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Old 09-10-2010, 01:30 PM
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Default Cholera stalks West Africa as rains spread disease

WOW just clean water could have prevented this...

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Cholera stalks West Africa as rains spread disease

By JON GAMBRELL, Associated Press Writer Jon Gambrell, Associated Press Writer – 2 hrs 49 mins ago

GANJUWA, Nigeria – Patients jammed rudimentary clinics and health workers in surgical masks sprayed anti-bacterial solution on muddy paths as the government struggled to contain a cholera epidemic that has killed nearly 800 Nigerians in two months.

The worst epidemic in Nigeria in 19 years is spreading to Cameroon, Chad and Niger, where it has killed hundreds more.

At a maternity clinic and a nearby hospital in Ganjuwa, patients with blank eyes lay contorted on fouled mattresses from severe diarrhea triggered by the cholera. Small children laying under traditional brightly colored cloth were hooked up to IV tubes as doctors tried to save them by rehydrating them intravenously.

As more and more patients arrived and occupied all the beds in the wards, doctors had to put them into storerooms and concrete hallways wet with human waste.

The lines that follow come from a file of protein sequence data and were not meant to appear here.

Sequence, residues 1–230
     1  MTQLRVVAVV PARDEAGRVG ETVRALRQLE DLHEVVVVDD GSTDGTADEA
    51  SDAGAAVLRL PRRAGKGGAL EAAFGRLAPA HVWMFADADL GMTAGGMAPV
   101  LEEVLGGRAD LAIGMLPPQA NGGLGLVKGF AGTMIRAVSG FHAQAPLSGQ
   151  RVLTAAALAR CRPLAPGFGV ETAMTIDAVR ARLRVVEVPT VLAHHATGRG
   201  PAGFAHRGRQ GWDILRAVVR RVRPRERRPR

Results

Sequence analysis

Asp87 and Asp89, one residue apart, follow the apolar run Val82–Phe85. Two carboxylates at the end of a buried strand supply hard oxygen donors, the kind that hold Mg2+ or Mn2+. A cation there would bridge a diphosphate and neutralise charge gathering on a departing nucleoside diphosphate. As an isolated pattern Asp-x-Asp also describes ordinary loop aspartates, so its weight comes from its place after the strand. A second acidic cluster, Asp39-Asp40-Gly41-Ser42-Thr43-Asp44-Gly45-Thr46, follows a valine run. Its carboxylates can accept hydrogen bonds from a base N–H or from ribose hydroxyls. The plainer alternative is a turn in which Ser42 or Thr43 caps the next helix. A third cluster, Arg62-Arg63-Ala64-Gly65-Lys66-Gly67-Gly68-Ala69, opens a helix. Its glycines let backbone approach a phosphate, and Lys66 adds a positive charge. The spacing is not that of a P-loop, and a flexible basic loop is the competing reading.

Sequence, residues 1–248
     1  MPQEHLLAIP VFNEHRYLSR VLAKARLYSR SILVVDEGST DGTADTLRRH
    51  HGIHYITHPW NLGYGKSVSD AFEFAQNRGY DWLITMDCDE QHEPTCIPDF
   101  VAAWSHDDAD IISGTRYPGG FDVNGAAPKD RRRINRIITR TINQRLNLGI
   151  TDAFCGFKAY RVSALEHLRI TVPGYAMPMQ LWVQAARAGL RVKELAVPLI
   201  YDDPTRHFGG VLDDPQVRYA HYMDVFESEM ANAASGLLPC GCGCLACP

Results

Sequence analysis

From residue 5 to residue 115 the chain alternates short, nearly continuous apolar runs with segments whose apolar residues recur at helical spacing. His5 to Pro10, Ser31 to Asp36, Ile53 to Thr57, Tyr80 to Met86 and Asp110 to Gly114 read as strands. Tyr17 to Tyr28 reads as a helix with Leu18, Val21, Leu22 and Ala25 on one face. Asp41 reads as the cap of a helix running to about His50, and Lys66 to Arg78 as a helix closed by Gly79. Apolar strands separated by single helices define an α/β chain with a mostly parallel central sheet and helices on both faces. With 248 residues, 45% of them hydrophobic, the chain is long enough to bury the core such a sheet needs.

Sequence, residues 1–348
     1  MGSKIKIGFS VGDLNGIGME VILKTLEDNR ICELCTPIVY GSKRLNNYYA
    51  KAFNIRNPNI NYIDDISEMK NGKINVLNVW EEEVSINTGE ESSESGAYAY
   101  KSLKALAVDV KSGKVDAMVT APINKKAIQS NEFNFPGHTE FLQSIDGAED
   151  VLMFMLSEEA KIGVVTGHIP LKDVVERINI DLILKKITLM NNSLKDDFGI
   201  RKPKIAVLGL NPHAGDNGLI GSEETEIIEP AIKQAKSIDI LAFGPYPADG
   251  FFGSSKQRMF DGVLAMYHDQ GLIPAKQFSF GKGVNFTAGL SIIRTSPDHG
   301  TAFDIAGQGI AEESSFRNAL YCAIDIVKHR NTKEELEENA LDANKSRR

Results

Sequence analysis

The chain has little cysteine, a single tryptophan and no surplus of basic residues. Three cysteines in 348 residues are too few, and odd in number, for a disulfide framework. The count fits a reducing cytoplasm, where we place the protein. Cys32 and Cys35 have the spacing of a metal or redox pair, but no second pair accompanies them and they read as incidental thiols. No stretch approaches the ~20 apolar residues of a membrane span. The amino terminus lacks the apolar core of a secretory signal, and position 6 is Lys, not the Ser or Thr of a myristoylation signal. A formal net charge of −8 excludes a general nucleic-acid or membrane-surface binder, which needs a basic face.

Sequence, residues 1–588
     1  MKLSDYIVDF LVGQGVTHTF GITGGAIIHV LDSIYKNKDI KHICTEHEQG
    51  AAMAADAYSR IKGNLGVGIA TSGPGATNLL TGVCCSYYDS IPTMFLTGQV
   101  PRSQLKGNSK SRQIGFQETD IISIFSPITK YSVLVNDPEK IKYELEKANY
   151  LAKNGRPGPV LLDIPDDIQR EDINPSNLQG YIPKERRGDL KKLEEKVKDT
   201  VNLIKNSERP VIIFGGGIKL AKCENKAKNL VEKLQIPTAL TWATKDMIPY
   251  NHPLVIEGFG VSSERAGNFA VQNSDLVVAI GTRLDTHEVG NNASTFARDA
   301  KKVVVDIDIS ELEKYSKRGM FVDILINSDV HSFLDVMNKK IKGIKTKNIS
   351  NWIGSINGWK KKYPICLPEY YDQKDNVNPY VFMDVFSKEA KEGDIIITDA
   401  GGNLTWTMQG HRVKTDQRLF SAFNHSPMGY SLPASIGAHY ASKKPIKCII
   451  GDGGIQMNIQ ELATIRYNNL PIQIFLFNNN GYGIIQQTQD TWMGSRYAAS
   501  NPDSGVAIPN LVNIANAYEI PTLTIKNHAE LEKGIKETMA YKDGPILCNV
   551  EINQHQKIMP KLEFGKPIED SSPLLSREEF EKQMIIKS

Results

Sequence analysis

Throughout villages like Ganjuwa and cities across West Africa, lack of clean drinking water is allowing the waterborne bacterial disease to bloom. In Nigeria, 13,000 people have been sickened, according to the nation's Health Ministry.

Salisu Garba needs only to look at a communal trash pit outside his family's home in Ganjuwa to see how the cholera bacteria sickened and ultimately killed his 20-year-old brother. Seasonal rains have turned the trash pit into a pond of raw sewage, which seeps into nearby wells, infecting Garba's family and others in this rural village in northern Nigeria.

"That pond is a source of worry," Garba said. "We don't have any hope."

"These areas become breeding ground for cholera," said Chris Cormency, a UNICEF official monitoring the epidemic.

Cormency said the disease began in Nigeria and then spread to neighboring Cameroon, where more than 300 people have died and 5,000 have fallen ill. In Chad, more than 40 have died and 600 are sickened, while the disease also has popped up in nearby Niger, he said. It was not immediately clear how many people were affected there.